WHAT a shame. Yesterday’s grilling of Bob Diamond, Barclays’ swashbuckling former boss, while not quite a damp squib, did not really clarify a great deal. There were some intriguing revelations – including that the relationship between the FSA and Barclays had been bad for months and that Diamond was worried that the government would nationalise Barclays in 2008 – but the clash was no game-changer. This is a great pity. A huge number of unanswered questions remain – not least, why did nobody in government, the regulators and the Bank of England do anything about Libor? They clearly knew that something was up. And why did Diamond really quit? Who told the board that he had to go? What exact powers did they use for that? As to Diamond, his performance was poor. There were inconsistencies in what he said and it is unclear why he didn’t know about the investigation in his own bank.
The government hasn’t done as badly as I feared it might on this. For once, it has generally resisted the temptation to engage in extreme populism. That is the right decision: punishing wrongdoing is very different to waging all out-war on the City and trying to smash a key sector. That was also Boris Johnson’s point yesterday. There should be an unprecedented crackdown on those who lie and cheat – but that should not mean demonising everybody in the City.
A judge-led inquiry would drag on for too long, cost a fortune and debilitate too many large institutions, rendering them incapable of functioning properly, hitting the supply of credit and other services and destroying jobs. There would be no guarantee that it would come up with the right answers, apart from on narrow specifics involving wrongdoing; when it comes to broader questions of economics or policy, judges are not the ones we should turn to for answers. The government is also right to point out that this crisis took place under Labour; it is extraordinary how Gordon Brown’s errors have been forgotten by so many.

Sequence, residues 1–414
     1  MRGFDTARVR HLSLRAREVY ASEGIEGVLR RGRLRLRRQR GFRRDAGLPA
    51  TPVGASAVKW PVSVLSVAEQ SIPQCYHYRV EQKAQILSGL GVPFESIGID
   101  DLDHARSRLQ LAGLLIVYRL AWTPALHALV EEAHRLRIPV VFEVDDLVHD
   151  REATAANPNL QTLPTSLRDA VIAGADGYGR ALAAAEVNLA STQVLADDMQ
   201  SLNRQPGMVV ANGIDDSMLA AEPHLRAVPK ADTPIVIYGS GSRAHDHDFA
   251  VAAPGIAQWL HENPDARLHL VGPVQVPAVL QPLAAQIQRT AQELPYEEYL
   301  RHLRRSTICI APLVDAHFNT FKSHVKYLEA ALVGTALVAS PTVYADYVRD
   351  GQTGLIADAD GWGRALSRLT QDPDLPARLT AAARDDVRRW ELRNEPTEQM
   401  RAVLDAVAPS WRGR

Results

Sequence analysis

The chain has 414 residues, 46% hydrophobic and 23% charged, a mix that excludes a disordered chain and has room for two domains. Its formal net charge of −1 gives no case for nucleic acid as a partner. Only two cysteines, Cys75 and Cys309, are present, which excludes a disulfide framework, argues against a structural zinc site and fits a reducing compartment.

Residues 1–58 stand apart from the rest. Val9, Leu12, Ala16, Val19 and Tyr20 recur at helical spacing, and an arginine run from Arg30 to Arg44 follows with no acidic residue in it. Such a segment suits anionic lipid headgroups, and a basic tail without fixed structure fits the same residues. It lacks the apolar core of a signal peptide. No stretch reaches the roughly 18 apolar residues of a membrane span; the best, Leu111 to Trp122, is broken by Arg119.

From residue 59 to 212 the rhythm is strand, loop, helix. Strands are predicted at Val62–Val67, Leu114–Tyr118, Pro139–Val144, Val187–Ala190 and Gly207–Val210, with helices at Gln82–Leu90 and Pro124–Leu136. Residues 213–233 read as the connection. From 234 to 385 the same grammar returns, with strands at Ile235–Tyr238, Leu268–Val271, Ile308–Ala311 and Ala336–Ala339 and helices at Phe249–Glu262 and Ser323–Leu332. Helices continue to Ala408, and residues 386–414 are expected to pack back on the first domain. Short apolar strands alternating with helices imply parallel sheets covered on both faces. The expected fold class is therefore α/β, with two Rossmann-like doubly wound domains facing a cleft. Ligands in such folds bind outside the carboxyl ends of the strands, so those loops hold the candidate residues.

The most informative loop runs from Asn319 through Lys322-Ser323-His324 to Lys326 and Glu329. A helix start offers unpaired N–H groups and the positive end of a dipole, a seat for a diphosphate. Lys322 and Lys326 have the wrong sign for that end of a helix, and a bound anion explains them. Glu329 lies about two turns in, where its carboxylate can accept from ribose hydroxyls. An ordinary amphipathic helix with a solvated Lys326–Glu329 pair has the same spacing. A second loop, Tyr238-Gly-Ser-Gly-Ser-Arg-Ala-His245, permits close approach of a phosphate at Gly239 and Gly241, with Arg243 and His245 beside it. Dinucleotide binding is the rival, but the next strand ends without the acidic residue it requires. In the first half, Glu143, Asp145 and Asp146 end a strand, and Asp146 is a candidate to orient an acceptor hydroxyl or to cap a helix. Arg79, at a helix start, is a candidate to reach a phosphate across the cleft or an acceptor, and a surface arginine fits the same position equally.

But the government’s critique of Labour’s record is extremely incomplete: partly because Osborne is continuing exactly the same monetary policy, conducted by the same personnel, he never highlights the role of excessively low interest rates in fuelling the crisis or the Bank’s failure to fulfil its role as a lender of last resort when liquidity dried up. Another, increasingly baffling blunder, is that the government ought to be much more vocal in calling for alleged wrongdoers to be prosecuted and, if convicted, jailed. Traders who manipulated Libor for their own gain ought to fall into that category. The UK needs to be very tough on law-breakers – in every walk of life.
It is also extraordinary how much George Osborne appears to be enjoying himself taunting Labour and trying to work out how to catch out Ed Miliband. Osborne only cares about politics; for him, all of this is just a game. He wants to hit Ed Balls where it hurts, presumably to gain one or two points in the opinion polls; he doesn’t really seem to care how he does this, what he sacrifices or what the side-effects could be.
The reality is that the economy is doing increasingly badly. GDP probably shrank in the second quarter. At this rate, it could even shrink in the third quarter. This is a disastrous turn of events. Why isn’t Osborne as passionate about trying to tackle this as he is engaging in partisan politics? Perhaps somebody should call for a Leveson-style inquiry into why we are now in a recession. I’m being facetious, of course, but the chancellor now needs to get back to his day job.